Ricciardo won the race after starting from P2 and passing Red Bull’s Max Verstappen at the start and showing great pace. He was also helped by Verstappen crashing with Lewis Hamilton later in the race, with the two title challengers retiring from the race. Still, the Australian had a big chance of winning the race even with the Dutchman and the seven-time champion staying on the track, as his pace was solid.
Verstappen beat Leclerc's Ferrari in 2022 after starting from seventh place due to a five-place grid penalty due to exceeding power unit parts, while Leclerc had qualified in Pole Position. The race finished behind the Safety Car, as there weren't enough laps to allow a green-flag finish after the SC period, which is quite common with late crashes in a Grand Prix.
Autodromo Nazionale di Monza Track Info
The Temple of Speed will always be known for its long straights and being the most demanding track in terms of power. Though it offers simplistic setup configurations for the track, low-downforce settings for the cars mean they, occasionally, look gorgeously unstable around the 5.793 km track.
Since 1950, the Monza circuit has provided seven different layouts, most keeping the same ‘boomerang’ layout we see now, though some changes have been made to adhere to safety measures.
The first layout had eight corners, but only four of those demanded hard braking. In 1955, the Parabolica was added instead of the two-corner Curva di Vedano, and the oval speed ring was added, bringing in the infamous and intimidating banking.
This layout was scrapped after the 1961 event, in which Wolfgang von Trips and 15 spectators tragically died. Four races were completed in the longer version of the track (1955, 1956, 1960, and 1961).
The shortened track kept the high-speed nature, but safety concerns were huge due to the unbelievably increasing speeds, which enforced two chicanes for the track, one in the middle of the long straight, the Variante del Rettifilo, and the Variante Ascari, added instead of the Curva del Vialone, where Alberto Ascari had died in 1955.
Both the Variante Ascari and the Variante del Rettifilo were changed in 1974 and 1976, respectively, and a chicane was also added to the Variante Della Roggia in 1976. Since 1976, the changes have been minor, with a new profile for the Curva Biassono and the second Lesmo in 1994 and the Variante del Rettifilo being changed from a double chicane to a simpler right-left turn.
The current layout records are the following:
Outright record: 1:18,887 min by Lewis Hamilton in 2020, driving the Mercedes W11 at an average speed of 264.363 km/h (Fastest Lap of all time in terms of average speed).
Fastest Lap during a race: 1:21,046 min by Rubens Barrichello in 2004, driving the Ferrari F2004 at an average speed of 257.321 km/h.
2023 Italian Grand Prix - Tyres
The dry tyres for the 2023 Italian Grand Prix will be the C3 as P Zero White hard, C4 as P Zero Yellow Medium, and C5 as P Zero Red soft.
Pirelli's Motorsport Director, Mario Isola, explained Pirelli's view for the weekend, with the Alternative Tyre Allocation making a return: “As usual, the European Formula 1 season draws to a close in Monza: which is also Pirelli’s home event as our headquarters are just a few kilometres away from this iconic circuit. Monza is synonymous with speed, as its nickname of the ‘Temple of Speed’ capably demonstrates. To this day, it’s where the fastest race in the history of Formula 1 was held, with Michael Schumacher setting an unbeaten average race speed of 247.585 kph back in 2003.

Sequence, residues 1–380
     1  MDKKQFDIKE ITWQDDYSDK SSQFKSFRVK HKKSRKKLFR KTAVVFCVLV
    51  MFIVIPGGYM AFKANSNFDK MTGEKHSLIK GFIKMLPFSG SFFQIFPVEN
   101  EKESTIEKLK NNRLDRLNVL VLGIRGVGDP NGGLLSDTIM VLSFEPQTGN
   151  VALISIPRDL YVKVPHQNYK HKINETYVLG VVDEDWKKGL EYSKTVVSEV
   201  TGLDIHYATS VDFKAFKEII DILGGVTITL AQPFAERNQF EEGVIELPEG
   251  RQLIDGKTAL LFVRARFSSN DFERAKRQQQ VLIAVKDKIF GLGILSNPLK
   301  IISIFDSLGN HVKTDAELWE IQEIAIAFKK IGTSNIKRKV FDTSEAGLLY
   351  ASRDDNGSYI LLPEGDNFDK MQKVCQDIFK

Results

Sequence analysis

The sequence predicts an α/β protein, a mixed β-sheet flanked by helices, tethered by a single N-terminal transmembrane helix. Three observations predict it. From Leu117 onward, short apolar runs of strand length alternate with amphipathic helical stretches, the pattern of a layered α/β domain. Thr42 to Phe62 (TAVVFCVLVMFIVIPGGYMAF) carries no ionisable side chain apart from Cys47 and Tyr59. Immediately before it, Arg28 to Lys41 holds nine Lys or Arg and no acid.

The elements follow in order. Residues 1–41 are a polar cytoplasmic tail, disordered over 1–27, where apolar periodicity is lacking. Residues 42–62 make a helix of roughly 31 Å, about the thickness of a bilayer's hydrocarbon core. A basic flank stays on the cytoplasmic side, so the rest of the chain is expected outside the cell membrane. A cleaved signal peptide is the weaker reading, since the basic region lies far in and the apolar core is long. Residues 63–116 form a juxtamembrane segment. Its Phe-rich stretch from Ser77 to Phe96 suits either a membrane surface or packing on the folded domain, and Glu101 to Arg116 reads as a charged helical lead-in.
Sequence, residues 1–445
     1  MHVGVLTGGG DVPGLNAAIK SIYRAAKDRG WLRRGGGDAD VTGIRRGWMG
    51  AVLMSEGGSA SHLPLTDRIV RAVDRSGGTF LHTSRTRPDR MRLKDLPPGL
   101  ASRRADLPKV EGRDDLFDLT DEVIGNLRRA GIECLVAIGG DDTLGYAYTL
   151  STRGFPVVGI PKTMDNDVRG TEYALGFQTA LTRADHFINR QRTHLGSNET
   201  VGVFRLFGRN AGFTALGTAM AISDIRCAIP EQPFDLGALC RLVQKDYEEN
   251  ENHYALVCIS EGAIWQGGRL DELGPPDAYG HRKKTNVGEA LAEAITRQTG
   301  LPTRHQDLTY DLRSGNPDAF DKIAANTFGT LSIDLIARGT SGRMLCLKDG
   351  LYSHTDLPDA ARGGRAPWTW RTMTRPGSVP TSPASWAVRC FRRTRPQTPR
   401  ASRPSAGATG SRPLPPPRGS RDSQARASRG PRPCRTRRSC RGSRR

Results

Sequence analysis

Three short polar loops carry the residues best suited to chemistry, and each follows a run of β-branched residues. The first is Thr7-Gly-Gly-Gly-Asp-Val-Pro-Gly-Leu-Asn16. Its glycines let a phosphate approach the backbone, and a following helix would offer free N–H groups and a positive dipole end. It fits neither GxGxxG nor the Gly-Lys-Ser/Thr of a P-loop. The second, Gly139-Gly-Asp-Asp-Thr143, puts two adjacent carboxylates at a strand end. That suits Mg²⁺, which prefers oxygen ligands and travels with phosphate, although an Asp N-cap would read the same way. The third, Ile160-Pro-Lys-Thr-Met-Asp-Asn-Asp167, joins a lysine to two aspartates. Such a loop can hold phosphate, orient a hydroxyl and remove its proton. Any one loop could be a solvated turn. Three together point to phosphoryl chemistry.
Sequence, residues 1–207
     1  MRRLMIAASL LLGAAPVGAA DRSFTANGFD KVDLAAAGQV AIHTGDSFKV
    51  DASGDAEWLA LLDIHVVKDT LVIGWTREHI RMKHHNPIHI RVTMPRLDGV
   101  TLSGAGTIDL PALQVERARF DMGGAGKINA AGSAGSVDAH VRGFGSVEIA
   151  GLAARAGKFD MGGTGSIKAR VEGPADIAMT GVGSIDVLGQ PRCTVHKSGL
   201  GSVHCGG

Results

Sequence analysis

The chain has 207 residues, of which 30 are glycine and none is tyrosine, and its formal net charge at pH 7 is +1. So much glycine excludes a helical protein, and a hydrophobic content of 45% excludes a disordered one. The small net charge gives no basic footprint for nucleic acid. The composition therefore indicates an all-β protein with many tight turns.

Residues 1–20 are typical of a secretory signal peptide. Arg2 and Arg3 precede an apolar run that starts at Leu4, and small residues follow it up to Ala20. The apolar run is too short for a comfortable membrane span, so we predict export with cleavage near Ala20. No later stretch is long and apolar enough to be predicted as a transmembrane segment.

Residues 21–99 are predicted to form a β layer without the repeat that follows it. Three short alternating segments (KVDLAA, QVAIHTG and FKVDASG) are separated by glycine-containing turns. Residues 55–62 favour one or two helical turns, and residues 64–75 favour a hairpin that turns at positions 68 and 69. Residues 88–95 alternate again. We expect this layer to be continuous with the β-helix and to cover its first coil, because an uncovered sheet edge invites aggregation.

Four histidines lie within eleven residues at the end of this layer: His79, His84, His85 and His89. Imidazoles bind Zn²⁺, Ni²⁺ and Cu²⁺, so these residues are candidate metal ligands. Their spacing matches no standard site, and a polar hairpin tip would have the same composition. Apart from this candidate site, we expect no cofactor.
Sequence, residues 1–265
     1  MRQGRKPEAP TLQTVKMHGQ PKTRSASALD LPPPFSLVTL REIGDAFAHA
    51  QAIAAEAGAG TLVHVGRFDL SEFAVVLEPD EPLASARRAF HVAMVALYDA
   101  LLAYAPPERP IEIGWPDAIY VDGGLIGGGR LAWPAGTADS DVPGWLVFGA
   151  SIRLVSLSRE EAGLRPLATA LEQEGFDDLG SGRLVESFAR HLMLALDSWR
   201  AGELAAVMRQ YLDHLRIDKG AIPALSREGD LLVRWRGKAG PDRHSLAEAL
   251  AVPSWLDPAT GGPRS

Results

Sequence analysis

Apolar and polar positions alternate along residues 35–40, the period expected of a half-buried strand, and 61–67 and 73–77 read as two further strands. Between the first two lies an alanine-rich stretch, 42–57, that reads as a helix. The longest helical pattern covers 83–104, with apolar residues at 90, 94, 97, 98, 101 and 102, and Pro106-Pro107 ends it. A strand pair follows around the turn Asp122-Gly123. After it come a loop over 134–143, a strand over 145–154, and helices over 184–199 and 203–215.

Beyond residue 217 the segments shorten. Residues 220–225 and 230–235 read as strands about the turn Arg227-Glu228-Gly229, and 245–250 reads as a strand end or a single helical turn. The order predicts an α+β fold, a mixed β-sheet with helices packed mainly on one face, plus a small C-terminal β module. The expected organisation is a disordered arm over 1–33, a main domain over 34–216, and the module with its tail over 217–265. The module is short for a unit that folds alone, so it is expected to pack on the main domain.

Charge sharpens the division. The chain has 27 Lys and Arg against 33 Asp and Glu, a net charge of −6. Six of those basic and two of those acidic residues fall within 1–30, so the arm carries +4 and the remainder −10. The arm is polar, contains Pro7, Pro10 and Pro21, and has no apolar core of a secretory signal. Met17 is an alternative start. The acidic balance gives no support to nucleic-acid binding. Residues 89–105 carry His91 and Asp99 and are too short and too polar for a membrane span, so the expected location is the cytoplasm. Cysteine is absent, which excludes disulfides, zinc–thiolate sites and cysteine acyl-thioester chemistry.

As a result, teams use the lowest possible aerodynamic downforce levels to favour top speed by reducing drag. Stability under braking and traction coming out of the two chicanes are the two key factors that challenge tyres most on this track, as well as the lateral loads exerted in the fast corners such as Parabolica (named after Michele Alboreto) and Curva Grande.
After Hungary, Monza will be the second time that the Alternative Tyre Allocation (ATA) is trialled, which uses two fewer sets of tyres than the standard format. This offers a benefit in terms of CO2 saved both during production and transport, as well as giving teams and drivers a wider range of strategic option. For this reason as well, we have chosen the trio of softest compounds for Monza – C3, C4, and C5 – which has already been nominated five times this season.”
The minimum starting pressures for the dry tyres will be 24.5 PSI (front) and 22.5 PSI (rear).
2023 Italian Grand Prix Weather Forecast
Friday, Sep 1st - FP1 & FP2
Conditions: Partly sunny
Max. temperature: 27°C
Chance of rain: 12%
Saturday, Sep 2nd - FP3 & Qualifying
Conditions: Partly sunny
Max. temperature: 27°C
Chance of rain: 24%
Sunday, Sep 3rd - Race
Conditions: Partly sunny
Max. temperature: 28°C
Chance of rain: 24%
Who will be on the 2023 Italian Grand Prix Podium?
We've seen Red Bull dominate in any kind of circuit in 2023, whether it is a high-downforce or high-speed layout, in the dry and the rain, the RB19 has been on top and by quite a huge margin. At Monza, we should clearly expect the Austrian outfit to take a 15th consecutive victory (since last year's race in Abu Dhabi), extending their F1 record, and Max Verstappen taking an unprecedented 10th consecutive win, which is quite important for the team.
McLaren could be fighting for the spot as the second-best team in Italy, with its car having good performances lately in quite different track layouts.
It could be a tough weekend for Ferrari at its home circuit, but the team was competitive last year in the venue, although Red Bull dominated the Grand Prix.
The prediction for the top three of the 2023 Italian Grand Prix is 1. Max Verstappen, 2. Lando Norris, 3. Fernando Alonso.